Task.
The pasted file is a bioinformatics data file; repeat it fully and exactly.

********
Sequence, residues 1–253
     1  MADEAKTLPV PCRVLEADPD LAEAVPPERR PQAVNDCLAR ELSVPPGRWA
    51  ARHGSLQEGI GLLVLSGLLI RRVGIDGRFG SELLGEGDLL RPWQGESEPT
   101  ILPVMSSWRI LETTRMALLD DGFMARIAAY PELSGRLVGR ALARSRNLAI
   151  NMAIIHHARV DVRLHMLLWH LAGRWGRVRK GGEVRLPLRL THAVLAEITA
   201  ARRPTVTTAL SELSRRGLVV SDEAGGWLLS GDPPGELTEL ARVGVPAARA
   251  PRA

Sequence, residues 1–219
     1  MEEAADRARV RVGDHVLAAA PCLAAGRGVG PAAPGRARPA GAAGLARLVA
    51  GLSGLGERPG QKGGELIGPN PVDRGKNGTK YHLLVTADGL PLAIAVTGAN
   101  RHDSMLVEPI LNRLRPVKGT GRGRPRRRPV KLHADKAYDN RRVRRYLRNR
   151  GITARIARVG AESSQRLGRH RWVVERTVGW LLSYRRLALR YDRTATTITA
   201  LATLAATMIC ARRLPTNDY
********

Sequence, residues 1–253
     1  MADEAKTLPV PCRVLEADPD LAEAVPPERR PQAVNDCLAR ELSVPPGRWA
    51  ARHGSLQEGI GLLVLSGLLI RRVGIDGRFG SELLGEGDLL RPWQGESEPT
   101  ILPVMSSWRI LETTRMALLD DGFMARIAAY PELSGRLVGR ALARSRNLAI
   151  NMAIIHHARV DVRLHMLLWH LAGRWGRVRK GGEVRLPLRL THAVLAEITA
   201  ARRPTVTTAL SELSRRGLVV SDEAGGWLLS GDPPGELTEL ARVGVPAARA
   251  PRA

Sequence, residues 1–219
     1  MEEAADRARV RVGDHVLAAA PCLAAGRGVG PAAPGRARPA GAAGLARLVA
    51  GLSGLGERPG QKGGELIGPN PVDRGKNGTK YHLLVTADGL PLAIAVTGAN
   101  RHDSMLVEPI LNRLRPVKGT GRGRPRRRPV KLHADKAYDN RRVRRYLRNR
   151  GITARIARVG AESSQRLGRH RWVVERTVGW LLSYRRLALR YDRTATTITA
   201  LATLAATMIC ARRLPTNDY